In addition, Japanese business media Nikkei reported not long ago that LG Display and Samsung have been aggressively pushing Apple to adopt a soft OLED screen in the 2018 version of its iPhone, and LG Display has committed to investing an additional 10 trillion Korean won (about NT$260 billion) in the technology before 2018.
Samsung, however, has been the undisputed OLED panel king, with a 90 percent share of small and medium-sized panels in the category. Any move by Apple to switch to OLED screens would turn Samsung – Apple’s bitter smartphone rival – into one of its key suppliers, which is why the U.S. consumer electronics giant has been reluctant in recent years to make the move.
If Gou is ultimately able to take over Sharp and combine the strengths of Taiwan and Japan to create a new OLED supplier on a par with the Korean stalwarts, Apple CEO Tim Cook would undoubtedly be very pleased.
“One of the main reasons Apple has pushed (Terry Gou) is because it doesn’t want to be too dependent on Samsung,” says a veteran analyst of the flat panel display industry.
Developing Smart Appliances for the IoT Era
Beyond seeing Sharp as a conduit for growth with Apple, Hon Hai has also been drawn to Sharp’s home appliance brand in the Internet of Things era.
Even when he was young, Terry Gou showed his drive and business acumen. Now he hopes to take his company to another level by acquiring Sharp.
At annual Hon Hai shareholders meetings in recent years, Gou has repeatedly echoed the conglomerate’s desire to transform itself into a technology and services company and evoked his “11 screens, three nets & two clouds” strategy.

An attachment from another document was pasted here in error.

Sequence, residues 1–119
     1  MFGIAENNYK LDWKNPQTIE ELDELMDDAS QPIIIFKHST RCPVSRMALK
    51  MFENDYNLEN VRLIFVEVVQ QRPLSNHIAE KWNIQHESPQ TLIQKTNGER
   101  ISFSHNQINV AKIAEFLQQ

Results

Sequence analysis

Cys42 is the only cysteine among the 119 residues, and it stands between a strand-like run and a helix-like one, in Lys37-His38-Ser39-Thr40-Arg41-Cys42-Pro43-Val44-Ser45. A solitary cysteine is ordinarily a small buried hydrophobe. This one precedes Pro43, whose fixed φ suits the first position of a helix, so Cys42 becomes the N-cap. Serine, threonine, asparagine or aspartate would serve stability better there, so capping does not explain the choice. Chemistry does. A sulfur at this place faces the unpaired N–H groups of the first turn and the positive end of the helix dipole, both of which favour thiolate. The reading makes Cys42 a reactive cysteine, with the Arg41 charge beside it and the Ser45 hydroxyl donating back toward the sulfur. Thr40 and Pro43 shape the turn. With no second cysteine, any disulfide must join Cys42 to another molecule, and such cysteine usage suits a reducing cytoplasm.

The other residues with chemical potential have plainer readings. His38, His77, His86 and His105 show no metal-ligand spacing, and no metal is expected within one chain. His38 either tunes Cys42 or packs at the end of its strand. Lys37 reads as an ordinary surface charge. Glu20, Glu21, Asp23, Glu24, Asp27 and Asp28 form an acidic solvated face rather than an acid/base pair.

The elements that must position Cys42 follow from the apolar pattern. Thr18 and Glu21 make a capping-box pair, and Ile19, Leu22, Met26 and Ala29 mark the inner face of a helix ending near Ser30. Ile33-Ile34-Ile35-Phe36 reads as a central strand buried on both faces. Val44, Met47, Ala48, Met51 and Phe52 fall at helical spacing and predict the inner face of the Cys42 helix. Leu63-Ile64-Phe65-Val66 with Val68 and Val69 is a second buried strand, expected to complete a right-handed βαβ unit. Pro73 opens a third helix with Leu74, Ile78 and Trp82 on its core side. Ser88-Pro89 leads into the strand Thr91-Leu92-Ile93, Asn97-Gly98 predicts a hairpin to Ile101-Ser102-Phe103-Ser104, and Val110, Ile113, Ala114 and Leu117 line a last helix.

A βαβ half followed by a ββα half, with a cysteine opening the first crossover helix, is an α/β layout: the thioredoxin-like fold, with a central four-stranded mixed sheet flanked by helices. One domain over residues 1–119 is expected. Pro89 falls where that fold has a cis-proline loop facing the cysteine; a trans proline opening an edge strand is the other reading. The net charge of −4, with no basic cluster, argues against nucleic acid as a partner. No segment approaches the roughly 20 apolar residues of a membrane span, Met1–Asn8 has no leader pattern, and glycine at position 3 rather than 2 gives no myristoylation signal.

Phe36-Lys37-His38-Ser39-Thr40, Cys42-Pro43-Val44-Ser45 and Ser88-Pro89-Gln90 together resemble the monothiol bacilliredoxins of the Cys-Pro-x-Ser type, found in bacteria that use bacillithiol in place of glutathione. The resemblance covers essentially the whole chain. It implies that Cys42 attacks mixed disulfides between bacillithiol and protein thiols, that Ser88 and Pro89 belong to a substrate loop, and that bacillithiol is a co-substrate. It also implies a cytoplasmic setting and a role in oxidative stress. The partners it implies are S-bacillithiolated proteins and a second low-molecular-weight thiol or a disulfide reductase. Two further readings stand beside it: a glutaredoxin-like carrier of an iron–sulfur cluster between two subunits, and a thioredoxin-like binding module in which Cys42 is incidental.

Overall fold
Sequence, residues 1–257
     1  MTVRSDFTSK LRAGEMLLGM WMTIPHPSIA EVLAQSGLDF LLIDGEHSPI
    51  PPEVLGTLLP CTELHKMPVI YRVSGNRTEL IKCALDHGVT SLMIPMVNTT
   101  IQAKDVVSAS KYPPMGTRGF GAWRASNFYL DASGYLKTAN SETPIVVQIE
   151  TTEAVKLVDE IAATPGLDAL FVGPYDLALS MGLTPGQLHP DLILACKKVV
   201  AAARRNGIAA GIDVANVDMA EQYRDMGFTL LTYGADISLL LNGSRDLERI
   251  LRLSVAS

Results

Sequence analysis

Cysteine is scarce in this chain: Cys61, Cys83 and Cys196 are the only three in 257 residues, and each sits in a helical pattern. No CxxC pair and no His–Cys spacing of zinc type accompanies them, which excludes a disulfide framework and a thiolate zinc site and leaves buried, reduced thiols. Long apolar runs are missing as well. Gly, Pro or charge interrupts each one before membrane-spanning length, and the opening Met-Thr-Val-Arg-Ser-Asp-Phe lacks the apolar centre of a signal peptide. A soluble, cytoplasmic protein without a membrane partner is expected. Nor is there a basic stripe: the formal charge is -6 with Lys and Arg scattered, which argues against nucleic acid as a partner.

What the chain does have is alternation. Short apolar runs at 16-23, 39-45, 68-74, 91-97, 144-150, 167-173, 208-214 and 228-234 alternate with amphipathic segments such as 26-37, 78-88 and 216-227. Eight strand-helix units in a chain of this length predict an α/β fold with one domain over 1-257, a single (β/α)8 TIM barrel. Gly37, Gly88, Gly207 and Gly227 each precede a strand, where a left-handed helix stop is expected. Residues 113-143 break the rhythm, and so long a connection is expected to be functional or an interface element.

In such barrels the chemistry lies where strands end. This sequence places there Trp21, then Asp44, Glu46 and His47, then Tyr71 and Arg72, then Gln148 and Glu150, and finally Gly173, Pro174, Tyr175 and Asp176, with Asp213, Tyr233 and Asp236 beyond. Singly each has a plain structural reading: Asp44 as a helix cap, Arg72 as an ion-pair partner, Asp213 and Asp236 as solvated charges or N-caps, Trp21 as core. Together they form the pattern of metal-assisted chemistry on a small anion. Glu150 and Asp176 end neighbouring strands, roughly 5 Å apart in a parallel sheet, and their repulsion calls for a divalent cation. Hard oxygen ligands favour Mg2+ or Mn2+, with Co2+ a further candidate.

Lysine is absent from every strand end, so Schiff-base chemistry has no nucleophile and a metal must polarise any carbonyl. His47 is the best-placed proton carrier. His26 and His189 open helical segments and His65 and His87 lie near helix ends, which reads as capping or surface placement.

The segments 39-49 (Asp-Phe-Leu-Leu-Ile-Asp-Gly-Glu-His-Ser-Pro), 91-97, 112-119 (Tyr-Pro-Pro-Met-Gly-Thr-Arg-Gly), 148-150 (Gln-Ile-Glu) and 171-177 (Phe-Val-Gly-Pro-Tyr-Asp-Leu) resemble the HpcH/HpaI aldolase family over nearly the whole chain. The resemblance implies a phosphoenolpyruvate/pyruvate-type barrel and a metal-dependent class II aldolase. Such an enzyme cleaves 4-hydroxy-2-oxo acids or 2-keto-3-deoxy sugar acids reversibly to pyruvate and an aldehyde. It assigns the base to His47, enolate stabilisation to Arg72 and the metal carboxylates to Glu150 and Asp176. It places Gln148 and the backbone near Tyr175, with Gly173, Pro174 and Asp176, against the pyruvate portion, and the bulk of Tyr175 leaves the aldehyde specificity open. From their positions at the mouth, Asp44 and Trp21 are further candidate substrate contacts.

Tomohiro Otsuki, an analyst with Techno Market Research Inc. and reporter with Nikkei Electronics, said in an interview with CommonWealth that smart appliances represent a major opportunity in the IoT age, but Hon Hai’s major customer Apple has yet to roll out significant products in this category. Sharp, on the other hand, has an excellent reputation for its appliances, including LCD TVs, air purifiers and the superheated steam ovens Taiwanese consumers love, making it an ideal partner for Hon Hai.
“Hon Hai’s strength is backend engineering and assembly. Sharp’s has excellent front-end R&D capabilities,” Otsuki says. In that sense, the cooperation between the two companies could be beneficial to several other major customers beyond Apple.
Of course, the deal still has to get done, but even if it does, Sharp’s problems run so deep that they may overwhelm Hon Hai.
Makoto Sakurai, a representative with international financial research center Sakurai & Associates, observes in an interview with CommonWealth that other ailing Japanese giants such as Hitachi, Mitsubishi and Toshiba have taken a different path than Sharp in trying to salvage their fortunes. They are transforming themselves into integrated conglomerates similar to GE or Siemens and investing their resources in heavy industrial rather than consumer products, he says.
Sharp, which is smaller than those three companies, has not kept up with the trend. Most of its production bases are in Japan, its costs are high, and it is not very competitive, Sakurai says. He believes Sharp may actually fall by the wayside in this paradigm shift and is somewhat skeptical that Terry Gou can turn it around.
As Sakurai says: “In the final analysis, Hon Hai is presumably very confident that it can emerge victorious in this transformation wave.”
Translated from the Chinese by Luke Sabatier
Chinese Version: 霸氣總裁 如何苦追沒落貴族？